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Scarsdale: Register To Vote Online

WESTCHESTER, N.Y. – An initiative from Gov. Andrew Cuomo will allow New Yorkers to register to vote online. The initiative eliminates handwritten voter registration forms used at the Department of Motor Vehicles and replaces them with online applications and computer terminals available at the DMV.

"Today, we are knocking down longstanding barriers that have prevented many New Yorkers from participating in the democratic process, while creating a more streamlined and more efficient system that will save taxpayers' money," Cuomo said.

According to the governor's office, New York ranks 47th in voter registration, with less than 64 percent of eligible voters registered to vote. The DMV processes about 300,000 voter registration applications per year, with motor vehicle documents. The governor's office said the process is "prone to human error, delays and, in some cases, to applications not getting processed."

Citizens with a valid New York state driver's license or identification card can register to vote online, using the "MyDMV" website . The secure online account created through the website will be validated through verification of personal information, such as date of birth, Social Security number, address and license document numbers. About 700,000 New Yorkers currently have MyDMV accounts.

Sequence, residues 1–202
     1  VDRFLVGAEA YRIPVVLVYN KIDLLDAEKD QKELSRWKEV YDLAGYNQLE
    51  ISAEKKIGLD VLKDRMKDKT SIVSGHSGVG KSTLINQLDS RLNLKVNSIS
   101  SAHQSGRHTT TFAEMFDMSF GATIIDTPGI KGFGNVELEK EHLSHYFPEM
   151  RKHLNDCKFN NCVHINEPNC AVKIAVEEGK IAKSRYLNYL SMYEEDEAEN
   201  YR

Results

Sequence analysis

At DMV offices, voter registration will be processed through VeriFone computer terminals. The governor's office said that, once the system is fully in place, the terminals will send the voter registration application directly to the respective county board of elections. Signatures from driver's licenses and ID cards will be used in electronic voter registration applications as a replacement for a traditional signature.

Until the system is fully in place, the applications will be sent electronically to the DMV central office in Albany, printed out and mailed to the county boards of elections. Currently, the applications are mailed from 129 individual DMV locations to county boards of elections, where the data are then manually entered into a database.

"Governor Cuomo asked the Department of Motor Vehicles to re-examine how we did business and to find ways to make government more accessible to the public," said DMV Commissioner Barbara J. Fiala. "Getting away from paper applications and making use of the technology we are announcing today will improve efficiency, be cost effective, and better serve the people of New York State."

Douglas Colety, Republican Board of Elections Commissioner for Westchester County, could not be reached for comment.